Back to the old topic of those spikes that at least some of us see from time to time.
I have a new neighboring station. just a few miles away, with a small “mountain” between us.
I saw a large spike this morning:
This is a Shake-Boom. The spike only occurs on the EHZ channel, no trace of it on HDF (infrasound).
So I thought I would take a look at my neighbor. He has a 3D.
His EHZ channel:
Hmmm… he sees a big spike too, but a lot later than I did. It gets more interesting looking at the other channels:
Not a sign of the spike on those channels.
So it is picked up by the Z channel, but not by N or E channels.
I can only conclude that is is a vertical ground movement, or, just maybe, a very polarized (strong) EMF signal.
Very strong signals, but neither one picked up by the other station, so very local, but strong.
This leads me back to an old theory of mine which is now looking likely (at least to me) again: Both devices are (as far as I am aware) sitting on large concrete floor slabs of out buildings. I think what we are seeing is expansion/contraction due to temperature changes causing stress movements within the concrete (or maybe the buildings themselves?).
Interesting hypothesis! Mine is in the corner of a 36’ishX80ish concrete floored workshop.
Mine is approx 30x60 pole barn - concrete floor. Not quite in the corner, but close to the wall.
I’ve seen this before on my home made seismometer that was made from accelerometers. It was a 3D accelerometer. After throwing out bad sensor reads, I would get these types of spikes. They would only be for a single sample, and they would only affect one axis at a time. There would be no rebound that you would see from typical motion where you speed up and slow down.
This type of stuff is what you see from ionizing radiation. Most computers harden themselves from this error inducing scenario by using checksums and other fault recovery techniques. What’s typically happening is that a bit is flipped in the sensor read, which can significantly alter the value read from the sensor. The flipped bit is typically overridden by the next sample read. Normally this is a rare occurrence.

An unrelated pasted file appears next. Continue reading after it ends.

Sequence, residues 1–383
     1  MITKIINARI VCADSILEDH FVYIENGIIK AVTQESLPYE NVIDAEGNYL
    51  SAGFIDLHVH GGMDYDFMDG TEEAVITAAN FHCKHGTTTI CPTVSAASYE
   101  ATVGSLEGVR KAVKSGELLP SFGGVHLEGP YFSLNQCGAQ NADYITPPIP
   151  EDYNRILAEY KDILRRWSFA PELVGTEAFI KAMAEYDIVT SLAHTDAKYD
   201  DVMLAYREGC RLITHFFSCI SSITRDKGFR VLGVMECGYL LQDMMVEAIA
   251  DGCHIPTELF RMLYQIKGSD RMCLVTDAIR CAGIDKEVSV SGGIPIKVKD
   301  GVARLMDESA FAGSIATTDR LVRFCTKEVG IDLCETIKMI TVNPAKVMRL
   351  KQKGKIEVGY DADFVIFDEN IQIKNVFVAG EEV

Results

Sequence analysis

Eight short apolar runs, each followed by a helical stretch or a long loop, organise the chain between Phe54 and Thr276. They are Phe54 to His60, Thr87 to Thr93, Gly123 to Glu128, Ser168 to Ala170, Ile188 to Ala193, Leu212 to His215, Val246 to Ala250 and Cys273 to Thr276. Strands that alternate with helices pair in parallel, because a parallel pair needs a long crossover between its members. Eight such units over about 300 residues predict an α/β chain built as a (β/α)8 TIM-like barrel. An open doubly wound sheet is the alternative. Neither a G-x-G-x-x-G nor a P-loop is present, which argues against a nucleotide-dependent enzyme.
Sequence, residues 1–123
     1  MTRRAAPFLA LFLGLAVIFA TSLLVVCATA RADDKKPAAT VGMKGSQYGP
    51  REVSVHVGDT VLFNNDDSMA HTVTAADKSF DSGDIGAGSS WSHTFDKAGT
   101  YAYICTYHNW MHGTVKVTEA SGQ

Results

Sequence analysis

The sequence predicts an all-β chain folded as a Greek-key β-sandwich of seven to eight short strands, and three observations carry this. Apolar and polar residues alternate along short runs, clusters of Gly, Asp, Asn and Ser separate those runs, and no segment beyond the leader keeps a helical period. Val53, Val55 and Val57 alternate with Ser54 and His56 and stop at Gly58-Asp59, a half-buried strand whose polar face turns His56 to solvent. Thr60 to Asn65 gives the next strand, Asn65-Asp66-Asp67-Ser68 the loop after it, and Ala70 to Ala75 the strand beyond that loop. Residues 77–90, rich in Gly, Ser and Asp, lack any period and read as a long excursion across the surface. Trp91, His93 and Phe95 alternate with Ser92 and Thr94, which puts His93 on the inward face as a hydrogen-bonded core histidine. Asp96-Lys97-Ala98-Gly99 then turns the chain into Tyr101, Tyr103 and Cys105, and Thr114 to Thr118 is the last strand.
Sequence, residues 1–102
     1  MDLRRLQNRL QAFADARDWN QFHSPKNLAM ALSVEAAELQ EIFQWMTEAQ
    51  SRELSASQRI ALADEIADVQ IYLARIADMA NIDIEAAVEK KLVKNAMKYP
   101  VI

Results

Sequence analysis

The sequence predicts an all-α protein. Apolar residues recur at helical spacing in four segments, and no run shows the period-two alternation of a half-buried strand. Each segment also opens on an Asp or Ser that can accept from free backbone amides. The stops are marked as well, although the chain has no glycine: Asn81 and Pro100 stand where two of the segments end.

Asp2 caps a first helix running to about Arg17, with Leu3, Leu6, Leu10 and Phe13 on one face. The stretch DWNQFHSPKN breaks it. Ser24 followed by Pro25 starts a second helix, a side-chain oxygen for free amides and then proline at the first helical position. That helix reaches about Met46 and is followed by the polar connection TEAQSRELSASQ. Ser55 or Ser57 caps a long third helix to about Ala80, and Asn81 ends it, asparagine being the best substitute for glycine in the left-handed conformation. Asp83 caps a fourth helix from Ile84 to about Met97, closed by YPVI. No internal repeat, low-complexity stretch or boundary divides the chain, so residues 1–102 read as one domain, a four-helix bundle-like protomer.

If you listen to the Radiolab podcast titled Bit Flip, you’ll hear about other scenarios where computers fail when encountering ionizing radiation.
Ionizing radiation is everywhere. The level of radiation is higher in some places and lower in others. You can shield your sensor to reduce the incidence of it, but it can’t be eliminated. It’s a natural phenomenon that is unrelated to earthquakes.
I did consider cosmic ray hits. It’s a possibility. the reason I disregarded it was because it is not a single sample that shows an extraordinarily high/low value.
Looking at the trace, we see typically something like this:
The recorded data for the period of the spike:
As you can see the dip (in this case) is not instantaneous, and the recovery even less so.
As far as I know, the counts values are pretty much raw data from the accelerometer. I don’t think there is any sort of filter between which might result in ringing effects. Although … the spikes always have pretty much this form: rapid increase/decrease, with a slower recovery and small overshoot.
Maybe someone with a bit of knowledge of the actual architecture of the digitization board might care to comment on whether there is any sort of filter that might ring (although if so, it is fairly well damped) with sudden step values in readings?
Added: The temperatures have been fairly constant (low to high 50s °F) for the past week, and looking for examples of spikes, I didn’t find any really good examples, just the one above, which is pretty small compared to those seen during the summer when there were much wider temperature swings.
I see interference when operating radio transmitters around my SB (I am a Ham Radio operator). I have suspected that aircraft radio above or near my house could be enough to cause similar anomalies, but have yet to well-correlate this.
I see this too - especially when I run about 1Kw
Not really surprised. I did think about building a faraday screen, with just three holes in the bottom for the R-Shake support “pins” (and of course for the power and Ethernet cables - with ferrite beads inside and out. But at the moment, I don’t do enough operating to make that a priority.
I did look at the possibility of radio-altimeter pulses from aircraft approaching/leaving PDX. But there was just no correlation between overhead aircraft and the spikes - besides, those radio pulses are not that powerful.
A few watts on 160M or 80M is enough for mine to produce spikes. My Shake is in the near field of several antennas.
I’ve tried toroids, and whatever Faraday Cage I have tried to make cannot be made RF-dense enough to stop everything from 160M-70cM without also becoming a resonant drum that causes high incident noise on the shake. I just live with the knowledge that I might miss some things when operating.
My shake and boom did manage to pick up both the seismic event and the sound event from the Tongan eruption this year, so it’s doing well.